Cyprus, The Tombs of The Kings at Paphos

Greece Coffee Time Cafe Taverna

After we had approved of and settled in to our room we sat for a while on the sunny balcony before going out, walking from the hotel along the seafront and then back to the busy road to look for restaurant opportunities for later.

Kim as an uncanny knack of good restaurant selection and today was no exception.  She found a promising looking Greek Taverna with blue and white chairs and tables and pristine check table cloths, also blue and white and declared it the place to eat later.  I always leave restaurant selection to Kim.

Cyprus is not Greece, it used to aspire to being part of Greece, but not any longer, both Greece and Cyprus are members of the European Union and for Cyprus this is the next best thing to political union.  Cyprus is more prosperous than Greece so is not going to step into an economic crisis over issues of nationality. Even so, most places fly the blue and white flag of Greece in preference to the official flag of Cyprus.

Flag of Greece

The Greek flag is called “Galanolefci” which simply means “blue and white”. Originally it was blue with a white diagonal cross.  The cross is now situated in the upper left corner, and symbolizes the Christian faith.  Blue is the colour of the sea, and Greece being a seafarers country it could hardly have any other colour. Blue is also a lucky colour, which will ward off evil according to superstition.  White is the colour of freedom, and that is something the Greeks hold very dear after years of enslavement under the Turkish Ottoman Empire. The nine stripes each symbolize a syllable in the Greek motto of freedom: E-LEY-THE-RI-A-I-THA-NA-TOS, which translates into the bold statement – Freedom or Death.

Cyprus is one of only two countries in the World (and the first) which has the map of the country on its flag, the other by the way is Kosovo.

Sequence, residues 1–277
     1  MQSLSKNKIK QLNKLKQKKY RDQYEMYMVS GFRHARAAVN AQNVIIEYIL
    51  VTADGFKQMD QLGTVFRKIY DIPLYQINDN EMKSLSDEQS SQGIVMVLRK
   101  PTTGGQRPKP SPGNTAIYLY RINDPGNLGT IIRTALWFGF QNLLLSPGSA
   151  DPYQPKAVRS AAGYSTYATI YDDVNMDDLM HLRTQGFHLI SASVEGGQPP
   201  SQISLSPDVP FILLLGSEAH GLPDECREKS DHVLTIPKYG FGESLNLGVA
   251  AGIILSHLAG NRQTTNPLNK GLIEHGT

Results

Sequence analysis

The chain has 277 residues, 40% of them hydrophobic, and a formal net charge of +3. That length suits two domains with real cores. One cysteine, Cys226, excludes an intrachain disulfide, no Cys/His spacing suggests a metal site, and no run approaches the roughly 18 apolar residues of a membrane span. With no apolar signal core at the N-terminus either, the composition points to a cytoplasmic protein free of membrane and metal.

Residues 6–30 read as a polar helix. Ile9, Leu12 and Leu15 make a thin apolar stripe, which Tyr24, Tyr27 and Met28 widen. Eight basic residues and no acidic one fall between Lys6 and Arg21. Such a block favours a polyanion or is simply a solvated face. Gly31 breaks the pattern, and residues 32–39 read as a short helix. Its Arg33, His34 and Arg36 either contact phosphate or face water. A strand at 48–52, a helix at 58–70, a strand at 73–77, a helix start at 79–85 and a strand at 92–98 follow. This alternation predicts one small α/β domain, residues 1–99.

Cyprus Flag

We ate in the Greek restaurant later, Kim had beef stifado and I had Greek chicken with orzo and we drank some house wine from a chipped jug and it was very, very good!

The next morning we ate breakfast in the hotel dining room which was just short of OK!

Mid morning and we took the walk to Paphos seafront and stopped on the way at the archaeological site ‘The Tombs of the Kings’, a UNESCO World Heritage Site.  A very impressive place as it turned out with unrestricted access to all of the site and the ancient burial chambers and tombs.

Nothing in them of course because anything of value has long since been removed and robbed.  The main culprit of this was an Italian/American consul to Cyprus (1865-1877) called Luigi Palma di Cesnola who carried out unauthorised excavations which resulted in the discovery of a large number of antiquities which he stole and tried to ship back to New York.  The ship he commissioned to transport an estimated thirty-five thousand stolen items was sunk in a storm and the plunder remains lost.

In Cyprus he is considered to be a villain and his actions are still considered to tantamount to looting.

Click on an image to scroll through the Gallery…